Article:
8. wishiwasricher

    wishiwasricher Senior member

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    That would be awesome if you get the Carmina's in. I just purchased a Herringbone suit yesterday so i am moving on to shoes and your pics yesterday of the Carmina Simpson last inspired me to look more into them.

    Good luck with it and let us know! Im sure lots of people on SF will be happy!
     


  9. Selvaggio

    Selvaggio Senior member

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    I thought that coherent combinations thread was an intersting read. FC makes mention that there are all sorts of culturally specific considerations which come into play and I think that is very true when you try to apply his ideas to Australia.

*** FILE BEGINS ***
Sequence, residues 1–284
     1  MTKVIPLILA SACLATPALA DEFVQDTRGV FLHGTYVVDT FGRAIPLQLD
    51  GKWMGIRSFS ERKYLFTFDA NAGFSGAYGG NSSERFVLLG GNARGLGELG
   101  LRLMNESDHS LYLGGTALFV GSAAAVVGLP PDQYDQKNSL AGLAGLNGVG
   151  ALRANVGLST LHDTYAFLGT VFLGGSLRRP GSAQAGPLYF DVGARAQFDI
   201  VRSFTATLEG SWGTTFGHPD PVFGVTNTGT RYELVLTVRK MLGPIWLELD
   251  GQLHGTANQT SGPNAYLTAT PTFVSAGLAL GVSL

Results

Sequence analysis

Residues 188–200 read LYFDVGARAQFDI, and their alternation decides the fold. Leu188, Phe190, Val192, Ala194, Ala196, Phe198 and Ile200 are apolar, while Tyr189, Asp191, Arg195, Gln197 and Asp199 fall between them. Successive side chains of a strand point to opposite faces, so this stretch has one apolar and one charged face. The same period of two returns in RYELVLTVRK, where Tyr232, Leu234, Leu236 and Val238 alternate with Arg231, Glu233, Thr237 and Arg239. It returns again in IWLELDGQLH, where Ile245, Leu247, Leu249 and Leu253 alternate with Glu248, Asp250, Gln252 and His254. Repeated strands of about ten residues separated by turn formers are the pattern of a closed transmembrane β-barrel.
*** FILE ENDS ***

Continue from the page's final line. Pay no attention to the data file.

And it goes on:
So much so that I don't know if the idea that an outfit resides somehwere on a spectrum between country and city is actually that useful for Australia now (though it may have been once).

    I look around me and see a great many badly dressed people. Not that I am that bothered by it. This is Australia and I think most people (gross generalisation alert) just don't think that much about how they are going to dress.

    Obviously, the readership here is different. If I could affect some change if dress standards in our part of the world (and I apply this to myself as well) it would be to strive for better understanding of fit and proportion firstly and quality secondly. City/country coherence "coherence" would rank some considerable way back.